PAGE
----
KITTERY — Divers on Wednesday discovered damage to an underwater pier that supports the Sarah Mildred Long Bridge after a 470-foot tanker broke from its moorings Monday and drifted into the bridge.
Engineers have yet to release an estimate on the cost of fixing the 73-year-old span, said Bill Boynton, spokesman for the New Hampshire Department of Transportation. He said the bridge would remain closed for two to four weeks to vehicle traffic; river traffic has resumed.
The damaged granite was found on the southernmost of two underwater piers, Boynton said. Two steel trusses that were bent by the impact also must be replaced. Engineers still are examining the impact area, he said, and a private contractor is close to signing a deal to perform the repair work.
“The bridge took a big hit,” said Ted Talbot, spokesman for the Maine Department of Transportation, who released a cost estimate of about $500,000 early Wednesday but withdrew that estimate later in the day. “There’s a lot of different scenarios taking place at this point.”
Both Maine and New Hampshire own the bridge, although New Hampshire operates its lift span, which gives access to the Piscataqua River and harbor.
The tanker, called the Harbour Feature, also was damaged in the crash. The impact cracked the ship’s skin, allowing water to leak into a ballast tank used to stabilize the vessel when it is empty.
At the time of the impact, the MS Harbour Feature was carrying tallow, made from wood pulp oil, and yellow grease. No substances have spilled into the waterway. Steffen Thate, a spokesman for TB Marine Shipmanagement in Hamburg, the company responsible for the ship’s management, said the company is working with U.S. authorities to determine what caused the tanker to come loose from its moorings.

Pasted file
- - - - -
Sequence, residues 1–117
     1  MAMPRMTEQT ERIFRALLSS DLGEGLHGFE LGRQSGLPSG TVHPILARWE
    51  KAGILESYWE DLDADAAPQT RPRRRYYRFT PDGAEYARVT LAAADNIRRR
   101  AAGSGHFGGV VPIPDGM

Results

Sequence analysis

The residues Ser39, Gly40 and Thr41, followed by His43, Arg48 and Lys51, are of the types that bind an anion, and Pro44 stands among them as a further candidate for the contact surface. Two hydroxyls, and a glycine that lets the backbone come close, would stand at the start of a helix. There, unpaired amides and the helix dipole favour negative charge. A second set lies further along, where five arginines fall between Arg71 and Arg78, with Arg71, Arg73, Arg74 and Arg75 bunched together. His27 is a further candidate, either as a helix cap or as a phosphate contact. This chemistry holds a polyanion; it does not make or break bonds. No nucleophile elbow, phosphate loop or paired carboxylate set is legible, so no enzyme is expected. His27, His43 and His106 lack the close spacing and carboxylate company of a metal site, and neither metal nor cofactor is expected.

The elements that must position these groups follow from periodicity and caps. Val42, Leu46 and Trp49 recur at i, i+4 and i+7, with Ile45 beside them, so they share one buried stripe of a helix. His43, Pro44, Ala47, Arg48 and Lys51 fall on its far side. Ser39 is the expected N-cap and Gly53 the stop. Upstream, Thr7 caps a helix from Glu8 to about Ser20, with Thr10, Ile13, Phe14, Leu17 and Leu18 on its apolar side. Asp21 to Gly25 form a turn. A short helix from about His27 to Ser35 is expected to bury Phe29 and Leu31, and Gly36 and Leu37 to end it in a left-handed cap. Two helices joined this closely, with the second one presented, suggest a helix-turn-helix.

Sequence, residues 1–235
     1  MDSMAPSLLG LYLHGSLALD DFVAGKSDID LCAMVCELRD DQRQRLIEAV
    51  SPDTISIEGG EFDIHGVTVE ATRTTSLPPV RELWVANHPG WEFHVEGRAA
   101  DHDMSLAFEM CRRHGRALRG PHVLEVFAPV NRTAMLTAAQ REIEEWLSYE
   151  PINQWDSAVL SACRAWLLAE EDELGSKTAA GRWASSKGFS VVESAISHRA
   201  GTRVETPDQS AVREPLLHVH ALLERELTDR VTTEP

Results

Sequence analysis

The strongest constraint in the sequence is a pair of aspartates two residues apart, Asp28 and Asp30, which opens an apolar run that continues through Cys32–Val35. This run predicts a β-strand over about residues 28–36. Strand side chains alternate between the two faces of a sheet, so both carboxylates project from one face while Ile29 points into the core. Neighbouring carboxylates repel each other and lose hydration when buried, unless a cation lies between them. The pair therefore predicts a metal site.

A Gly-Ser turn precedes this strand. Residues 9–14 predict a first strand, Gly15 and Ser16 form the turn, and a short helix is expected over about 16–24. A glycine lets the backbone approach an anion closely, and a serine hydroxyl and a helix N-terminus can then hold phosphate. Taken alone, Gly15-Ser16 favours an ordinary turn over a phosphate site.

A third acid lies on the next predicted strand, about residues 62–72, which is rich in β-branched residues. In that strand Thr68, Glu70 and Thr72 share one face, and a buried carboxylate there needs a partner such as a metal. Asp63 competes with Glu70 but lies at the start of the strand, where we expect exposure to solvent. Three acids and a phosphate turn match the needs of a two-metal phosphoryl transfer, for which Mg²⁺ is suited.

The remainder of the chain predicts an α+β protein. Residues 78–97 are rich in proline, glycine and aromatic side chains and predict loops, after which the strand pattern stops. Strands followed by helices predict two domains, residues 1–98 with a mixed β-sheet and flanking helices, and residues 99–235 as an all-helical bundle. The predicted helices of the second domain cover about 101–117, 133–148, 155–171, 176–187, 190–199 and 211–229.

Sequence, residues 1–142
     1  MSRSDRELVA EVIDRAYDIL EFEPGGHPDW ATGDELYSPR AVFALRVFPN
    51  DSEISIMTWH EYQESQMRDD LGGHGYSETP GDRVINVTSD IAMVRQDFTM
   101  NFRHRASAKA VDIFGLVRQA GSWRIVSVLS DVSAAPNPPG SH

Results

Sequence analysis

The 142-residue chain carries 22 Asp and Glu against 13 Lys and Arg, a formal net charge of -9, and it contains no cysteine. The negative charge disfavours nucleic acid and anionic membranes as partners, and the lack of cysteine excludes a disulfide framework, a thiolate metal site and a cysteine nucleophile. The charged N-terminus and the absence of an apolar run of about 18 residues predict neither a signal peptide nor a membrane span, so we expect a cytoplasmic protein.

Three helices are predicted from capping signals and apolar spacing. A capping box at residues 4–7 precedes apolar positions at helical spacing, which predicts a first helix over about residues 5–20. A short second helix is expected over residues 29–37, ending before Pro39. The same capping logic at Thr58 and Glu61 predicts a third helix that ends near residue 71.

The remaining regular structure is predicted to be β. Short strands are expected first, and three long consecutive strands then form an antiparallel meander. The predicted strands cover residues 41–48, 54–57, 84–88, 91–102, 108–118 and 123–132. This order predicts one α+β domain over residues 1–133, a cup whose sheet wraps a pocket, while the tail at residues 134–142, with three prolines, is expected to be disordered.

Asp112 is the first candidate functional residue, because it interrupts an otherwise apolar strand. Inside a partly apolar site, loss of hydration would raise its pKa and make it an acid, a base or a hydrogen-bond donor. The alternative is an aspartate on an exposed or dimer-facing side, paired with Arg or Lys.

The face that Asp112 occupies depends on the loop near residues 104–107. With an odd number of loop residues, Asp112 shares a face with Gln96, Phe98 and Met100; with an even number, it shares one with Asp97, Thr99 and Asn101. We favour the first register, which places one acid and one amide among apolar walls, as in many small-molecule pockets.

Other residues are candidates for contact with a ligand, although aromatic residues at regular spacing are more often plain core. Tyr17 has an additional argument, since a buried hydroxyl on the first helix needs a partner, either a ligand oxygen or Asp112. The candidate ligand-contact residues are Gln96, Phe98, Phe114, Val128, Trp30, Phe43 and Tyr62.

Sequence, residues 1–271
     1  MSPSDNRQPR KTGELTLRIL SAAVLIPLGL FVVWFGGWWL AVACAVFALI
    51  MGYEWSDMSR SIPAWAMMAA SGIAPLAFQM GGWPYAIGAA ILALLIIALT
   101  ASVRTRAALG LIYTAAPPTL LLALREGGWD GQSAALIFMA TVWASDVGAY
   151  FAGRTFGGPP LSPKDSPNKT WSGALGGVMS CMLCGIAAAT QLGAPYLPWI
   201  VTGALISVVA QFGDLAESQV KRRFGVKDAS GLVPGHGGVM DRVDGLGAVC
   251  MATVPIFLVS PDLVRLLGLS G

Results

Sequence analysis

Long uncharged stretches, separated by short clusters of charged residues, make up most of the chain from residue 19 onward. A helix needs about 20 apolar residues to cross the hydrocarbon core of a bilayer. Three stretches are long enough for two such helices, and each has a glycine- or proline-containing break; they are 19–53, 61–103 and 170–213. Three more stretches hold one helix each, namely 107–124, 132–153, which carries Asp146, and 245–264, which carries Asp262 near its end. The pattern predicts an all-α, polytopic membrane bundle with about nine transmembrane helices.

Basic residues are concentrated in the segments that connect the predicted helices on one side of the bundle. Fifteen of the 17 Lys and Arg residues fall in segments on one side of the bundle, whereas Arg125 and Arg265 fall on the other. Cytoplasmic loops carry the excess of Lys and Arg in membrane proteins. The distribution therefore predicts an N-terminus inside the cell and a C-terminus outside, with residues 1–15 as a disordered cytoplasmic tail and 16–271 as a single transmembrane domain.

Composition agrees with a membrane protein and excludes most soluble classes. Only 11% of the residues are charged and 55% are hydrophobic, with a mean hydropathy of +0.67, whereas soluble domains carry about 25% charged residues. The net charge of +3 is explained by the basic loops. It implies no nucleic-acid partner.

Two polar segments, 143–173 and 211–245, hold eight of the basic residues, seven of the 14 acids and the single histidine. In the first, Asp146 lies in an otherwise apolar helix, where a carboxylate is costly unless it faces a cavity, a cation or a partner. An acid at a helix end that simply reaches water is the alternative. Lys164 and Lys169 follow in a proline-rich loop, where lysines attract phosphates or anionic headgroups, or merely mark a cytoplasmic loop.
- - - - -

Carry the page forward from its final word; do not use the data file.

“We are investigating the unfortunate accident and cooperate fully with all state and federal government agencies,” Thate wrote in an email.
Workers and business owners in Kittery were largely indifferent to the closure of the bridge, which carries about 14,000 vehicles per day. Only one of the three bridges connecting Kittery to Portsmouth is operational now.
The tanker accident is the latest transportation glitch for the Kittery and Portsmouth communities. Earlier this year, the lift span of the Long bridge was stuck open, snarling marine traffic.
Coupled with the closure in July 2011 of the nearby Memorial Bridge, residents traveling between the states must traverse the busier I-95 bridge, which carries about 112,000 vehicles per day.
At Jackson’s True Value Hardware and Marine in Kittery, near the foot of the Long bridge, Joe Calderara was less than excited about the suddenly barren stretch of the four-lane U.S. Route 1 bypass that runs in front of the store.
Half of the store’s customers live in New Hampshire, Calderara estimated.
“It’s going to hurt us, but in the long run we’ll win the fight,” he said.
Customers of Island Marine Service on Route 236 also are likely to suffer from the closure, said John Morrell, a technician who was refueling a dinghy at a busy gas station near the bridge.
“For us it’s no biggie, but for the customers it’s a different story,” Morrell said.
Jeffrey Pelkey, who operates a funeral home close to the damaged bridge, said his customers will have a tougher time reaching his business.
Pelkey, who also chairs the board of the Greater York Region Chamber of Commerce, said the closure illustrates the need for states to manage infrastructure improvements better.
The Sarah Mildred Long Bridge was at the top of New Hampshire’s list of aging bridges that need to be replaced or repaired, according to Boynton, the transportation spokesman.
“It speaks to a bigger picture of proper planning, that both these bridges were in such bad shape,” Pelkey said. “It’s a tough lesson for us to learn.”